The year 2020 was marked by the start of a world-wide pandemic, unprecedented changes, and institutions and individuals alike having to adapt quickly to a rapidly changing environment. The impact of COVID-19 on the higher education sector has been momentous and far-reaching. The financial strain of declining student revenue on an industry already challenged by pre-pandemic enrollment declines was significant. While the pandemic has brought and continues to bring challenges as it reaches its first anniversary, here are three valuable lessons higher education institutions should consider moving forward.
Enrollment has always been an area of focus for higher education institutions. New York’s institutions in particular have experienced increasing challenges with enrollment prior to the pandemic. The 2020 Census has only confirmed the startling statistics – New York State’s population has declined more than any other state in the nation, with more than 1.4 million people having exited the state over the past decade. The pandemic has further elevated the importance of communication with current and prospective students, specifically regarding emergency student grants, campus reopening plans, room and board refunds, and so much more. While double-digit enrollment declines were experienced by many intuitions across the state in the fall of 2020, some institutions who began communicating with students at the onset of the pandemic (and did so in a proactive and transparent manner, even during times when there were more questions than answers) were more successful in retaining students throughout fiscal 2020 and into the 2021 academic year.
Another consequence of the pandemic is that it forced institutions to reconsider the term “geographical confinement.” Is it the physical location of an institution that truly defines its ability to reach prospective students and retain existing students? Is in-person instruction the only way to secure student engagement? Are students well equipped for remote learning, and supported by a team of caring faculty, just as likely to succeed outside of the classroom as they are in the classroom? These are some of the many questions that institutions are grappling with.
Retaining experienced and skilled faculty and administrative staff has become the second most important lesson of the pandemic. The Chronicle of Higher Education reported that colleges and universities closed out 2020 with continued job losses, resulting in a 13 percent drop since February 2020. The U.S. Labor Department estimates that American academic institutions have shed a net total of at least 650,000 workers, according to preliminary, seasonally adjusted figures released in February 2021. Put another way, for every eight higher education employees employed in February 2020, at least one has lost or left that job 10 months later. In a year where institutions were forced to make tough decisions and reduce staffing, identifying those individuals essential to moving the institution forward has become a lesson in survival. As long-term senior management and faculty members retire, new leaders of colleges and universities need to bring a lot more than a strong technical skillset – the ability to communicate, collaborate with other institutions, and tolerate a high degree of uncertainty, especially with respect to regulatory guidance becoming increasingly important prerequisites for leading a higher education institution in the midst of a pandemic and beyond. Institutions that are willing to entertain flexible and/or remote working arrangements and are laser-focused on ensuring the safety of their students and staff are the ones that are best equipped to weather the storm.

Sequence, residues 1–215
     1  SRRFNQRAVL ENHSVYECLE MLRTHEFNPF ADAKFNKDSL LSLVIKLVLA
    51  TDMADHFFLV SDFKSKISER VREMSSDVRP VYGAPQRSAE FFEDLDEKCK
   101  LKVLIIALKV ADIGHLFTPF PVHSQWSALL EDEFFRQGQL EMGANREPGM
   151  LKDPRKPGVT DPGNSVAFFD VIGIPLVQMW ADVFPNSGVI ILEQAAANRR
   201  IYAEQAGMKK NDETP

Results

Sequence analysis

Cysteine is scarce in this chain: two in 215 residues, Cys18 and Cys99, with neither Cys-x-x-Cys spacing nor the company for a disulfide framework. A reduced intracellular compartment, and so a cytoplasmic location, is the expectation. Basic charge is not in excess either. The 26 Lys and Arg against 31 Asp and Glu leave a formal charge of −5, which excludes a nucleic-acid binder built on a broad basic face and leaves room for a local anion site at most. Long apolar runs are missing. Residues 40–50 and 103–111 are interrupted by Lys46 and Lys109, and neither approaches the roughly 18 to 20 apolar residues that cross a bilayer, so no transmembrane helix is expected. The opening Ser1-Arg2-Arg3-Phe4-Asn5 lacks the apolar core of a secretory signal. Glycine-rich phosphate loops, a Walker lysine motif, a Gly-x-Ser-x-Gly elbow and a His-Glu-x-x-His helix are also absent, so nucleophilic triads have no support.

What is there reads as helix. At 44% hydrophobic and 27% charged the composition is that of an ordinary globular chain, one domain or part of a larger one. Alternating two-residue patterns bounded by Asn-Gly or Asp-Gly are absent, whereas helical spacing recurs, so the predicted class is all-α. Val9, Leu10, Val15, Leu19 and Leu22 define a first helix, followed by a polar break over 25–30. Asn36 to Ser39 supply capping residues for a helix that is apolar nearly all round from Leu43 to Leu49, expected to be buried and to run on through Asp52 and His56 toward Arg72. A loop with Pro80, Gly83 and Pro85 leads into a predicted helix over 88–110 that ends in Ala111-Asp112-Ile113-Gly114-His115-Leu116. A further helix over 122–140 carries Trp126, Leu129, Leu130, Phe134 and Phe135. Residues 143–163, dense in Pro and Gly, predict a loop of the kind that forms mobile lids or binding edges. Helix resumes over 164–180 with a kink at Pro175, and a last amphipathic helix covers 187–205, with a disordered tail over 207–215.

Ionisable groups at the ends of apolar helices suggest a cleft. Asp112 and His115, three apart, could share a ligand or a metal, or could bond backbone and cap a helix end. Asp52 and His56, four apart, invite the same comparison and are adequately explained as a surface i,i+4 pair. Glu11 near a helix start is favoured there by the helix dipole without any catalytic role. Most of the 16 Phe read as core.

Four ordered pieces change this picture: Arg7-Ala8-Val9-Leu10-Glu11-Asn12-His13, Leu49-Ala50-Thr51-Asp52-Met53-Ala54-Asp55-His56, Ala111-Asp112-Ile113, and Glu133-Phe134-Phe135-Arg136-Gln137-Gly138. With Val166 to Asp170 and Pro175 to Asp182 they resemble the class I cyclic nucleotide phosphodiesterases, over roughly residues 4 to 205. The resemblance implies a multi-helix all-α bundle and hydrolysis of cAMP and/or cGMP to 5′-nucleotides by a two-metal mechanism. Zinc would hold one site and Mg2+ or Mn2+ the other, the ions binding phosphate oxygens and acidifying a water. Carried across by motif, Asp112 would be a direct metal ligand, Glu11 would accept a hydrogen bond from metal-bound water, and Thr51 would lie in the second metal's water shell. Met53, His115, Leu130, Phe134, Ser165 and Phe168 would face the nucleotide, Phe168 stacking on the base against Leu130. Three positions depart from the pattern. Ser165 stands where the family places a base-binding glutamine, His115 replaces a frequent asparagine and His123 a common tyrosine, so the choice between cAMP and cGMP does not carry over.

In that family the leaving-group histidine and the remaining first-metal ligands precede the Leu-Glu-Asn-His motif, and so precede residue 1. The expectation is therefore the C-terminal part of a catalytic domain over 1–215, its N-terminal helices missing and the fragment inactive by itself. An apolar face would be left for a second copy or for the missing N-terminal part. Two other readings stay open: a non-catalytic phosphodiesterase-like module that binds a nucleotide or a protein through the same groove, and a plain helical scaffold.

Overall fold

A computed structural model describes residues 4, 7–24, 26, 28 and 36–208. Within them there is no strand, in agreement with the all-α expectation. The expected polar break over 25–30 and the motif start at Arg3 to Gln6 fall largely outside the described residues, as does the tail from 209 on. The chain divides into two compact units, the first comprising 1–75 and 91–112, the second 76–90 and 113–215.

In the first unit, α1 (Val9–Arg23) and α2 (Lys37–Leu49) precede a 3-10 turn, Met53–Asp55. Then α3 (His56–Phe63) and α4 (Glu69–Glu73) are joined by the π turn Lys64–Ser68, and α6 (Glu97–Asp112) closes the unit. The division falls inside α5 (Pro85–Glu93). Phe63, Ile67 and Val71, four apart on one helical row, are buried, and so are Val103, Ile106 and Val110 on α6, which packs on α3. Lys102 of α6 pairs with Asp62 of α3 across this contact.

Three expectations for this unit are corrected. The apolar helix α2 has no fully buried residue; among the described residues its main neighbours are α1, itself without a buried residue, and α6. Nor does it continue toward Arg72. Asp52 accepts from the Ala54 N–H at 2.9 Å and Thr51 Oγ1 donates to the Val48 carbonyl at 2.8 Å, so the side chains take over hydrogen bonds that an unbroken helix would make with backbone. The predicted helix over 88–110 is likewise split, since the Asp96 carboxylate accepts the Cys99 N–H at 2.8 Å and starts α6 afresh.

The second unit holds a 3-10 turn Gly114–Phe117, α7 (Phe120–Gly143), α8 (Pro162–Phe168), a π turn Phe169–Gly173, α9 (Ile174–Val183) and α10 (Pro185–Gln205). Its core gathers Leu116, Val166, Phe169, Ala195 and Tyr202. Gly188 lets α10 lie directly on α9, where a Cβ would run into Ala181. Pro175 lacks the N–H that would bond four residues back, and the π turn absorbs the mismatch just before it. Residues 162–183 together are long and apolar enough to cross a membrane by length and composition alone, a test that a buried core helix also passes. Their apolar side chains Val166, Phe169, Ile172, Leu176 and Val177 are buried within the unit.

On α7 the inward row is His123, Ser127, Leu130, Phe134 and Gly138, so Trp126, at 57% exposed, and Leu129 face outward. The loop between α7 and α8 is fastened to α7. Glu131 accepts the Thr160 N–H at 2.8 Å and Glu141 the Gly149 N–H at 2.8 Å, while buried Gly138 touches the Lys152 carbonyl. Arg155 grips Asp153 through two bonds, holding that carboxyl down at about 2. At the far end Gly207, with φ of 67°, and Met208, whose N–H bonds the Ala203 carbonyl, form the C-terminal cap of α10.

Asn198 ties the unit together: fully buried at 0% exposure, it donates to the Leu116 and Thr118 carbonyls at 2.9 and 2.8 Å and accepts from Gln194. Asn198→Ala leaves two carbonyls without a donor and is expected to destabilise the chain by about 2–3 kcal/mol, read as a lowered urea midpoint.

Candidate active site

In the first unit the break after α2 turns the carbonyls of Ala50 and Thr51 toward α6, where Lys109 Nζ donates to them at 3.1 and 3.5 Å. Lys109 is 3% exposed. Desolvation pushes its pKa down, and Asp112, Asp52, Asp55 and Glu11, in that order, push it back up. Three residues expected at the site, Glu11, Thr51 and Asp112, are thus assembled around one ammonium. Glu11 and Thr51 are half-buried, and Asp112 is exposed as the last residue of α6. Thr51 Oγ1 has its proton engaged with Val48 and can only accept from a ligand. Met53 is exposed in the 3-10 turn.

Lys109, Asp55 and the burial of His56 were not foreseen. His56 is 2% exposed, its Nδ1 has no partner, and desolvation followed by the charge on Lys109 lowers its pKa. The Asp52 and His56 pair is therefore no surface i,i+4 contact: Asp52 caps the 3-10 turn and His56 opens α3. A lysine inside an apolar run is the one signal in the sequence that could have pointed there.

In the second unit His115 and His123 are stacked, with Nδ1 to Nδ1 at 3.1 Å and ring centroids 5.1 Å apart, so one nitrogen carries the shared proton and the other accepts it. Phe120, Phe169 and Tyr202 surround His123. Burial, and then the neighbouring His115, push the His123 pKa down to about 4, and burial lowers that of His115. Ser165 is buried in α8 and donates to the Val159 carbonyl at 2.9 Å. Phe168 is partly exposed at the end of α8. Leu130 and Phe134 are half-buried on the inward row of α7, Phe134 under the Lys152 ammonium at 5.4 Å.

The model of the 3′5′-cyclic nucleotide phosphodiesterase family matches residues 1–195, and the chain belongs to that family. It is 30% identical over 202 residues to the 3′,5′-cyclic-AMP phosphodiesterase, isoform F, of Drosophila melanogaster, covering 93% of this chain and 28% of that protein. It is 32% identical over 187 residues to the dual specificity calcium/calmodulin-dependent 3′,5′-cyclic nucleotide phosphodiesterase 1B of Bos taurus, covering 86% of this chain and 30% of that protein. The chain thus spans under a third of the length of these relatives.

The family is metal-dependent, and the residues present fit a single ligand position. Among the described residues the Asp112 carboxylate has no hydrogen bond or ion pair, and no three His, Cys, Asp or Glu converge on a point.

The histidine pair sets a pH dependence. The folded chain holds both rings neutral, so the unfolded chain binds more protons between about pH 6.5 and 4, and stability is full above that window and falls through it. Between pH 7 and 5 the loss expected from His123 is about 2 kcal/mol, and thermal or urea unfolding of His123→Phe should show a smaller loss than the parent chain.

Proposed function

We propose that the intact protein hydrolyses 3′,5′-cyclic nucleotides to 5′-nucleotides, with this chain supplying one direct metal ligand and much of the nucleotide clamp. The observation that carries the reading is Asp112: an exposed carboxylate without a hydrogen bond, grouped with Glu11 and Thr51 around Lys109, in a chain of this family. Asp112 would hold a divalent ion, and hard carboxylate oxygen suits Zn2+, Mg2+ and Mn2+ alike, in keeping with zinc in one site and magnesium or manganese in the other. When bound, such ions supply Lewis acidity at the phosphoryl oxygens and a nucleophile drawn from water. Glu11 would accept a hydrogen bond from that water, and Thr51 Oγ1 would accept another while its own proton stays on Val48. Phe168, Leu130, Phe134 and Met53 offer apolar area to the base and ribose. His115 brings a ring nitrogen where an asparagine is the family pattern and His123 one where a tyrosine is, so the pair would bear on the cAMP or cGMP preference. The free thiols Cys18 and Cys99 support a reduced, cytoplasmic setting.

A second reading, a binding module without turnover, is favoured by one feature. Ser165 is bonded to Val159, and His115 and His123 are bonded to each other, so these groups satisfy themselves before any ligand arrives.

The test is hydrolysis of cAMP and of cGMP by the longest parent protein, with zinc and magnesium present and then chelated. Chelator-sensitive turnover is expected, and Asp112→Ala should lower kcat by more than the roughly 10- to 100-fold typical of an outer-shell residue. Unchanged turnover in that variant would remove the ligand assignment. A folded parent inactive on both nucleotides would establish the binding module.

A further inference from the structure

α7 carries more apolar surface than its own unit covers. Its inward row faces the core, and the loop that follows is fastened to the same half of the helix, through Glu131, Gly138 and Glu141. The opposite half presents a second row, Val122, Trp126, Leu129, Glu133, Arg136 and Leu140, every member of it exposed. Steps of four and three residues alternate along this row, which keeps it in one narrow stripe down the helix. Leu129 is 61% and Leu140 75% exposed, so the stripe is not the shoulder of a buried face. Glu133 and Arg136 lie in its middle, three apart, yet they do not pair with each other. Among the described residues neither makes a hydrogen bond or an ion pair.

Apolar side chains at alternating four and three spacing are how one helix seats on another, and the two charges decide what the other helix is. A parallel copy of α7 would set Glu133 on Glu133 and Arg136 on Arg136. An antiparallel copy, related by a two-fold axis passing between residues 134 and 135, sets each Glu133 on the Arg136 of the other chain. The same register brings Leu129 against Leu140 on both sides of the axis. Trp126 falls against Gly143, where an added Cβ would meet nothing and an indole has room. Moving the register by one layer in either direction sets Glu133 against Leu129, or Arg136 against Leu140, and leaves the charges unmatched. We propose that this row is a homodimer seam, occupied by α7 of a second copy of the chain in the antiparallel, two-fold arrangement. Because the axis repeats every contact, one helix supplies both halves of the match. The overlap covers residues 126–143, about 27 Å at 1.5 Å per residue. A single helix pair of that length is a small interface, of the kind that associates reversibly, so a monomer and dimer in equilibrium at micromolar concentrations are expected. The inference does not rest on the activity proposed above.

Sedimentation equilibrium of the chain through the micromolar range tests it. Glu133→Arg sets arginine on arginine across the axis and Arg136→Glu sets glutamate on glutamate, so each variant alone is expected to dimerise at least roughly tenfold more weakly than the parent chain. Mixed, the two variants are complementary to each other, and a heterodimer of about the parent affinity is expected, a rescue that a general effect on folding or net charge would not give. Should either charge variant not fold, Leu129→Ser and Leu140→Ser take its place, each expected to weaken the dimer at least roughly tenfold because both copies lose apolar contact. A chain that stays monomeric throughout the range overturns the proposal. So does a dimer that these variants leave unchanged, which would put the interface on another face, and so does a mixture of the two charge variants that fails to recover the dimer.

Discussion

A third lesson highlighted by the pandemic is the increasing importance of paying attention to an institution’s finances. For many years, institutions with significant endowments have enjoyed a sense of safety and security and may not have been forced to think too deeply about liquidity or cash flow. Fiscal 2020 was marked by a more than 30 percent decrease in contributions made to educational institutions, room and board refunds, declining enrollment revenue and, delayed and/or reduced payments from state contracts. While Federal government relief funding was provided to most institutions, the timing of cash flow was a major issue for many. Projecting cash flow into the future, having short-term and long-term financial viability scenarios, thinking critically, and setting realistic assumptions are some of the key elements which have allowed some institutions to remain financially healthy, while so many others experienced existential financial issues and increased borrowings.
Higher education institutions have a proven track record of being on the forefront of innovation. Channeling out-of-the-box thinking to turn challenges into opportunities will allow institutions to emerge stronger and be better prepared for what the future holds.
If you have any questions, do not hesitate to reach out to our higher education experts at The Bonadio Group.
The information and advice we are providing for this matter relates to COVID-19 legislative relief measures. Because legislative efforts are still ongoing, we expect that there may be additional guidance and clarification from regulators that could modify some of the advice and information provided to you, after the conclusion of our engagement. We, therefore, make no warranties, expressed or implied, on the services provided hereunder.